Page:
How to Design the Best Employee Engagement Survey for Law Enforcement

How to Design the Best Employee Engagement Survey for Law Enforcement

How to Design the Best Employee Engagement Survey for Law Enforcement

How to Design the Best Employee Engagement Survey for Law Enforcement

Employee engagement is critical for all organizations, but especially for law enforcement agencies. An engaged police force leads to higher job satisfaction, better performance, and reduced turnover. Conducting regular employee engagement surveys allows leadership to take the pulse of the organization and identify areas for improvement. Here are some tips on creating an impactful engagement survey for law enforcement:

1. Involve officers in survey design

Get input from a diverse cross-section of officers across ranks when creating the survey. Ask them what questions they feel would be most useful and relevant. This will help ensure the survey captures issues that truly matter to the workforce. Consider having officers review the final survey before deployment.

2. Focus questions on key engagement drivers

Research shows the following factors often have an outsized impact on engagement for law enforcement:

– Leadership support
– Training and development
– Workplace culture and morale
– Work-life balance
– Fairness in promotions and assignments
– Communication and transparency

Ensure the survey includes pointed questions around these key areas.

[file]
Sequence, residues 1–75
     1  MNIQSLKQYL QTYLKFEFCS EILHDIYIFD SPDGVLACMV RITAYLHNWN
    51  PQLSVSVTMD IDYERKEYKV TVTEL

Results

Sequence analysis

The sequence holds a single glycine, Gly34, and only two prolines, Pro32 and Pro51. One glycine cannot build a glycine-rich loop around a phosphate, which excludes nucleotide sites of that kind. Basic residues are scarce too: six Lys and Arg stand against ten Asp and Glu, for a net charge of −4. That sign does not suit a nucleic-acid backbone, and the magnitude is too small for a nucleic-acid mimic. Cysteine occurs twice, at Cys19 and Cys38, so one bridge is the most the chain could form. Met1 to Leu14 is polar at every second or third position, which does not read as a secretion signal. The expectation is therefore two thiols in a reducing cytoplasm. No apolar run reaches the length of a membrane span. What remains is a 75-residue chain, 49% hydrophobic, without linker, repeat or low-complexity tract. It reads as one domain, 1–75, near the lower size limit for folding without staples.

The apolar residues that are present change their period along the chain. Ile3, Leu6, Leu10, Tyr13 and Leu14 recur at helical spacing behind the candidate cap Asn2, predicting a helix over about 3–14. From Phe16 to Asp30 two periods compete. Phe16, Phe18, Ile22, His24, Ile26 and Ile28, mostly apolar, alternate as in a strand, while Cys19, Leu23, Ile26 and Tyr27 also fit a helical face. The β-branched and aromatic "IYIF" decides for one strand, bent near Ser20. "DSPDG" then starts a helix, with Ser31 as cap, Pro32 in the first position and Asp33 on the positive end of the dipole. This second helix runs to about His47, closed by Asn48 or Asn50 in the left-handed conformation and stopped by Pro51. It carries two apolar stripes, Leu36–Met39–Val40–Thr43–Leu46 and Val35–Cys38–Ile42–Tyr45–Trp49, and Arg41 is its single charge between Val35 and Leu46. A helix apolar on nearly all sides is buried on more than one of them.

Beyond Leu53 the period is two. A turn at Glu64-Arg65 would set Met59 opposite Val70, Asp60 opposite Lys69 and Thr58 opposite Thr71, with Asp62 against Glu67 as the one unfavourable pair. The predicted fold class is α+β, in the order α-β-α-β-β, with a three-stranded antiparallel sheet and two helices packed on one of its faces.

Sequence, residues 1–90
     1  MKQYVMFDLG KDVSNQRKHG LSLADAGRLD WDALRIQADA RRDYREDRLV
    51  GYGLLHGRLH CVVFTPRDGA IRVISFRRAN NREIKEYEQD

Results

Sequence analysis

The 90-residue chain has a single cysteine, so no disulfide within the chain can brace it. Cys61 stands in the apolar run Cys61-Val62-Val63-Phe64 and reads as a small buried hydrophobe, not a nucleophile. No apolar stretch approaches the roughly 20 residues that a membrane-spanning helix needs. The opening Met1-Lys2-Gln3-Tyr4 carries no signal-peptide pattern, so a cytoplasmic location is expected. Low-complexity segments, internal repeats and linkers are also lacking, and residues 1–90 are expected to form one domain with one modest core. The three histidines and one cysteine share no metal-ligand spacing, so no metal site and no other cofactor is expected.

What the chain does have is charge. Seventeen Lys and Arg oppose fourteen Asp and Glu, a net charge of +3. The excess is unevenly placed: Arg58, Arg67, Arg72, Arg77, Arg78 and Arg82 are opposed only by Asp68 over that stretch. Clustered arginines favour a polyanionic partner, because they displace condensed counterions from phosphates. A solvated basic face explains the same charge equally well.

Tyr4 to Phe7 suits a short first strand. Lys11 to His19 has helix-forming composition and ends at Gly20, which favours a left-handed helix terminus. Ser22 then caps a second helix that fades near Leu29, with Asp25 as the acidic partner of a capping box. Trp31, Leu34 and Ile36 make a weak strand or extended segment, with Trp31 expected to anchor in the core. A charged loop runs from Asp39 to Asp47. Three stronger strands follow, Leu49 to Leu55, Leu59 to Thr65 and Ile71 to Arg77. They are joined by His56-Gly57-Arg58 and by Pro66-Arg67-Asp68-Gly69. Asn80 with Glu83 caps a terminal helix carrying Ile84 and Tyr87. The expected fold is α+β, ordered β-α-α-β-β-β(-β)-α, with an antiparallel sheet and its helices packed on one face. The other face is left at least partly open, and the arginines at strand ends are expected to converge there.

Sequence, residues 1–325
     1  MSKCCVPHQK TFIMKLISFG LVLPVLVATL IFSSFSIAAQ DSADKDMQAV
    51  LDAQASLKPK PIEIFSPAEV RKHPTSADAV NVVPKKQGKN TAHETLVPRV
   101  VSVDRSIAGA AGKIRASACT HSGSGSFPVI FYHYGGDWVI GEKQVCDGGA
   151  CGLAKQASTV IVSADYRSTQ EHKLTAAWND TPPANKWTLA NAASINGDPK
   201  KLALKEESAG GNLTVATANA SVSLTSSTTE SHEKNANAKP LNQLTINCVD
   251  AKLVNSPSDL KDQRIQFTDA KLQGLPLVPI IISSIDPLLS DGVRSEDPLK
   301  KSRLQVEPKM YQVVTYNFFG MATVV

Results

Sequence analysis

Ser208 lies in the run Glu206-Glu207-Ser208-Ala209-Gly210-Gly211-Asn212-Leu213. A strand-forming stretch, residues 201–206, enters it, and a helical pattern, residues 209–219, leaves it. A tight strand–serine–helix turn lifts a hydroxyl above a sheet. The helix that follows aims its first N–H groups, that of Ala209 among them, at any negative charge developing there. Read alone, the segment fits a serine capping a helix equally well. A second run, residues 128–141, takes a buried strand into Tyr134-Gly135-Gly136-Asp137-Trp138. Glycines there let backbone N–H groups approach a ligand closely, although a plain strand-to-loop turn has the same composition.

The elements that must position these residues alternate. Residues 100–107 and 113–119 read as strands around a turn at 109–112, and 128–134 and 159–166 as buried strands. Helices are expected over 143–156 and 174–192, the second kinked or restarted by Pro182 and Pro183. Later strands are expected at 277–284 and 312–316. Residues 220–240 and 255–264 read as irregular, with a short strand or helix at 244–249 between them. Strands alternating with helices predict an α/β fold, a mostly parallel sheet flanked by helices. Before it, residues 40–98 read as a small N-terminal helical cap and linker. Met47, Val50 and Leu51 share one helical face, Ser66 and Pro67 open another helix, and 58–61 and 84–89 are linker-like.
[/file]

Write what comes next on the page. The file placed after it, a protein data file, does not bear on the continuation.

3. Add open-ended questions

Include some open-ended questions that allow for honest, anonymous input. Asking “What can leadership do to improve engagement?” and “What concerns do you have about the department?” can yield valuable insights.

4. Offer anonymity

Assure respondents that surveys are 100% anonymous to encourage candid feedback. Officers may be wary of speaking openly otherwise.

5. Share results and take action

Simply conducting a survey is not enough – it’s critical that leadership shares results and follows up with action plans. Establish processes for analyzing data, communicating findings, and developing engagement initiatives based on the input received.

6. Survey annually

Employee engagement levels can change over time. Survey at least once a year to keep a consistent pulse on the organization.

Creating an impactful engagement survey takes effort up front, but pays dividends through higher engagement levels over the long term. Following these best practices will lead to a survey that provides leadership with the credible insights they need to enhance morale, retention, and performance.

Here are 10 sample survey questions that could be included in an employee engagement survey for a law enforcement agency:

1. On a scale of 1-10, how satisfied are you with your job here?

2. How supported and valued do you feel by your direct supervisor? (very, somewhat, neutral, not really, not at all)

3. How would you rate the training and development opportunities available to you? (excellent, good, fair, poor)

4. How often does your workload prevent you from taking your allotted time off? (often, sometimes, rarely, never)

5. Do you feel there are opportunities for advancement and promotion here? (yes, no, not sure)

6. How often does leadership communicate important information in a timely manner? (always, usually, sometimes, rarely)

7. Do you believe promotions and special assignments are handed out fairly here? (yes, no, not sure)

8. How would you describe morale in your department? (high, moderate, low)

9. What 1-2 things could leadership do to improve engagement within the department? (open ended)

10. If you could change one thing about working here, what would it be? (open ended)

Share this post

Share this post